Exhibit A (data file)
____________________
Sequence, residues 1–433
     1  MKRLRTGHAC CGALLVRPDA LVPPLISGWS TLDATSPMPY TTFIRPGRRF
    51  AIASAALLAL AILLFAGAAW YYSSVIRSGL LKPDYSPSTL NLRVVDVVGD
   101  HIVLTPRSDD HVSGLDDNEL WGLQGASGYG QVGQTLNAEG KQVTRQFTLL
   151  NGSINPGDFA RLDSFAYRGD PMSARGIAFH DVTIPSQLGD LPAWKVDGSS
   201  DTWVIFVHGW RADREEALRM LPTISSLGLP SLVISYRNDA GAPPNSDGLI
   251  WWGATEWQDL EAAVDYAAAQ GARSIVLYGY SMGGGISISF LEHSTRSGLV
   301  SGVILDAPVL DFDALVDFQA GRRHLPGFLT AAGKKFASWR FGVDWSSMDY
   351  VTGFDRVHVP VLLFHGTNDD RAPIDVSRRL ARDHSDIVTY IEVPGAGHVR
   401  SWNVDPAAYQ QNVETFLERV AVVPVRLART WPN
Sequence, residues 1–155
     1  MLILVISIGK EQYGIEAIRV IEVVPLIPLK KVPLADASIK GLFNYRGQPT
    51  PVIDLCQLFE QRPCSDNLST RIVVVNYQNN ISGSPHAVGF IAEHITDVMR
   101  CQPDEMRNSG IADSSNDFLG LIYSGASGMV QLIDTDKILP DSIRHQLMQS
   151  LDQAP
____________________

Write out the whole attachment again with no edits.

Sequence, residues 1–433
     1  MKRLRTGHAC CGALLVRPDA LVPPLISGWS TLDATSPMPY TTFIRPGRRF
    51  AIASAALLAL AILLFAGAAW YYSSVIRSGL LKPDYSPSTL NLRVVDVVGD
   101  HIVLTPRSDD HVSGLDDNEL WGLQGASGYG QVGQTLNAEG KQVTRQFTLL
   151  NGSINPGDFA RLDSFAYRGD PMSARGIAFH DVTIPSQLGD LPAWKVDGSS
   201  DTWVIFVHGW RADREEALRM LPTISSLGLP SLVISYRNDA GAPPNSDGLI
   251  WWGATEWQDL EAAVDYAAAQ GARSIVLYGY SMGGGISISF LEHSTRSGLV
   301  SGVILDAPVL DFDALVDFQA GRRHLPGFLT AAGKKFASWR FGVDWSSMDY
   351  VTGFDRVHVP VLLFHGTNDD RAPIDVSRRL ARDHSDIVTY IEVPGAGHVR
   401  SWNVDPAAYQ QNVETFLERV AVVPVRLART WPN
Sequence, residues 1–155
     1  MLILVISIGK EQYGIEAIRV IEVVPLIPLK KVPLADASIK GLFNYRGQPT
    51  PVIDLCQLFE QRPCSDNLST RIVVVNYQNN ISGSPHAVGF IAEHITDVMR
   101  CQPDEMRNSG IADSSNDFLG LIYSGASGMV QLIDTDKILP DSIRHQLMQS
   151  LDQAP